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  • Date :
  • 9/3/2014

Parvin and Agony of Father’s Death

parvin etesami

What I was always afraid of and tried to evade thinking about happened to me ultimately. It was just few days that my aunt had passed away and I was worried; my aunt’s death had left a strange impact on me. With her death, she caused me to remember death and think about the fact that ultimately one day I will be separated from my father. I was always afraid of the arrival of that day and it was even frightening to think about it. My concern wasn't futile, for it was just one week after the death of my aunt that the ominous incident happened. My aunt took her brother after her. It was the eve of Sunday, December 31. It was winter and the weather was cold. That winter was the 31st one in my life and what a bad winter it was, the year 1937. The weather was really cold. Just like my heart and those of my family members it had turned cold out of agony and mourning. I mean the agony of father’s death. To the end of his life, he was the librarian of the Parliament Library and was a member of the Cultural Committee of the Parliament. During his short period of librarianship, despite his old age and illness, he prepared three voluminous volumes of the bibliography of the several thousand books of the library, two of which were published in his lifetime and the third was in the press when he passed away.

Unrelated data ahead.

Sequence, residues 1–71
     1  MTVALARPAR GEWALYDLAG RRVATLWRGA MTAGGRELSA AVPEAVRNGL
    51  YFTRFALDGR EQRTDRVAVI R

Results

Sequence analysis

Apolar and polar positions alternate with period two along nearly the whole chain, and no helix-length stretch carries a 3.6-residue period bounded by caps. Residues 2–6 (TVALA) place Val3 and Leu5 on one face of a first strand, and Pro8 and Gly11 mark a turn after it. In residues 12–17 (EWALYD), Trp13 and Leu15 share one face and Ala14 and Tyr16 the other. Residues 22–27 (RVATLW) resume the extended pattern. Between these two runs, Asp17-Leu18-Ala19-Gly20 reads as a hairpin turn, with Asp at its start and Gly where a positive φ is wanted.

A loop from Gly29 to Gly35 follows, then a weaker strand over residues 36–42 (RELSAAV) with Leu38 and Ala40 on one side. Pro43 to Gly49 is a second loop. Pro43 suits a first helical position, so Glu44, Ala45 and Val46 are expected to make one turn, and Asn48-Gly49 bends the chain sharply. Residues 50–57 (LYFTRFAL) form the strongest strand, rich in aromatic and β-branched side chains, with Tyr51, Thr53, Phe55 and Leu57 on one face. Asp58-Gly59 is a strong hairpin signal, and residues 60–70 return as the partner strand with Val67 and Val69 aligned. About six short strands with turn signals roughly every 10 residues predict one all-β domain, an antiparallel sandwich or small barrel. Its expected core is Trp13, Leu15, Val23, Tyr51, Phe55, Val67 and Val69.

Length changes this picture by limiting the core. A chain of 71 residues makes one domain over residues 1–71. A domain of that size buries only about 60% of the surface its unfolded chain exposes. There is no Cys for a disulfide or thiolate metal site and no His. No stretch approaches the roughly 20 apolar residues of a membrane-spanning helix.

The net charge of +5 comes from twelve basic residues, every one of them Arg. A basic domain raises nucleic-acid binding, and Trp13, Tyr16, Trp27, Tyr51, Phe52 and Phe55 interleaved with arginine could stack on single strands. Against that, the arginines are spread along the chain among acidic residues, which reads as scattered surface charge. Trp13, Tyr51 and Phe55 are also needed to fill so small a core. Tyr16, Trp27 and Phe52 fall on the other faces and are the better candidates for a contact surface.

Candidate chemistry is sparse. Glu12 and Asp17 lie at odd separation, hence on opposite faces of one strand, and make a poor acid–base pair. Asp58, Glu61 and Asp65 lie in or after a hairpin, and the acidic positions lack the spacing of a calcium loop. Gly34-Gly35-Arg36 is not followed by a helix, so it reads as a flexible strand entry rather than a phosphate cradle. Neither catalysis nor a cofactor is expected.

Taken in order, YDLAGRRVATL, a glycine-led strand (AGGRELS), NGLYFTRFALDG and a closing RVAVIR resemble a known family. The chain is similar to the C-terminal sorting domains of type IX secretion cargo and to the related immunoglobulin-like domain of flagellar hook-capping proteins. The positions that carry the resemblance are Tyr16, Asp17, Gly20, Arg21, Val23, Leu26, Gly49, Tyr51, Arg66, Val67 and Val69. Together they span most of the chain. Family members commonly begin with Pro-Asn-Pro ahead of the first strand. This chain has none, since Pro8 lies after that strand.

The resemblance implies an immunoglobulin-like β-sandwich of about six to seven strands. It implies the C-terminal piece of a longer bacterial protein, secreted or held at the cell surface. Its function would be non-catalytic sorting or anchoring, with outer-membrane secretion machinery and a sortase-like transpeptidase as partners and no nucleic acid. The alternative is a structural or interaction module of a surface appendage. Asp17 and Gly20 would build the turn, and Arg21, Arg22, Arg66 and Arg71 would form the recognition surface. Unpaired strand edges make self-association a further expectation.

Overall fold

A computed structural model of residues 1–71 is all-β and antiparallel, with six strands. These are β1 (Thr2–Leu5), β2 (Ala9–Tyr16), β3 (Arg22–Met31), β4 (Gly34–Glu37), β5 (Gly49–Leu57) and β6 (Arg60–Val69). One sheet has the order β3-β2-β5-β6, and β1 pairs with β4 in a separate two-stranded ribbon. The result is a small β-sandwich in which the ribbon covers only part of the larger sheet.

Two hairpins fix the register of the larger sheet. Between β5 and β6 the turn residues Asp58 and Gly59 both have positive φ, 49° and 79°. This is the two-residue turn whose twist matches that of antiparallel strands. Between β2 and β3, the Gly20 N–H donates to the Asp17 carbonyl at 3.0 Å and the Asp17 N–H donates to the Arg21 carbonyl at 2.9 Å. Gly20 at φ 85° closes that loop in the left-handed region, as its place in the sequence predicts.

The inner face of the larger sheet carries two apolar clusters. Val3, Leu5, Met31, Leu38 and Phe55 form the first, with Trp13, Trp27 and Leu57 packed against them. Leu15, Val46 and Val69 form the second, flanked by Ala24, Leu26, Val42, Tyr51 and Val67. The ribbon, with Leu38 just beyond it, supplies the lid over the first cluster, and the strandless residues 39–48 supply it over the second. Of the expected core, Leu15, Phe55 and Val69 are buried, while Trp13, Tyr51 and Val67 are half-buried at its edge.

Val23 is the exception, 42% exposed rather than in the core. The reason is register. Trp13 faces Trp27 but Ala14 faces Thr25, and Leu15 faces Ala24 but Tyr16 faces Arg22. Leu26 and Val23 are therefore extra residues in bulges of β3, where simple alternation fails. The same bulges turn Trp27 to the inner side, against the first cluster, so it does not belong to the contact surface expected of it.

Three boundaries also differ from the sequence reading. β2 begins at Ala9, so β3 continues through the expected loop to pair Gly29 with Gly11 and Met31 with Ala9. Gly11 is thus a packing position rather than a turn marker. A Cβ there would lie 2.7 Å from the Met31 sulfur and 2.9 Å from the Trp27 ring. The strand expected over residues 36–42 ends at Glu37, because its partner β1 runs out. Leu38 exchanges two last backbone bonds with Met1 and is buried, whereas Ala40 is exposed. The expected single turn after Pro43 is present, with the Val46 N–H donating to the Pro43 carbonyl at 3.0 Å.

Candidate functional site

My father, Yousuf E’tesam-ul-Mulk Ashtiyani, was my Yousuf (Josef) of Kan’an who went missing and never came back.

O, father the adze digging your grave

Was hand of destiny destroying me as well

They named you Yousuf [Josef] and gave you to wolf

Death became your wolf my Kan’ani Yousuf

O, moon of firmament of literature ye were buried

Earth became your prison O, my imprisoned moon

With the death of father, happiness and felicity bade farewell to our life. I had no other sympathizer except my mother and a brother who needed a sympathizer after the great agony of my father’s death. My father’s death woke me up. There wasn't any day I wouldn't think about death. Bahar still used to pay me visits. It was a great blessing meeting him. He reminded me of my father. I had lost a dear father and Bahar had lost a kind, learned friend. This was why we sympathized with each other and had always something to exchange about my father.

Translated by: Sadroddin Musawi


Other links:

Parvin’s First Poem

Parvin on Iranian Women of Her Time

Parvin Invited to Join the Ministry of Education

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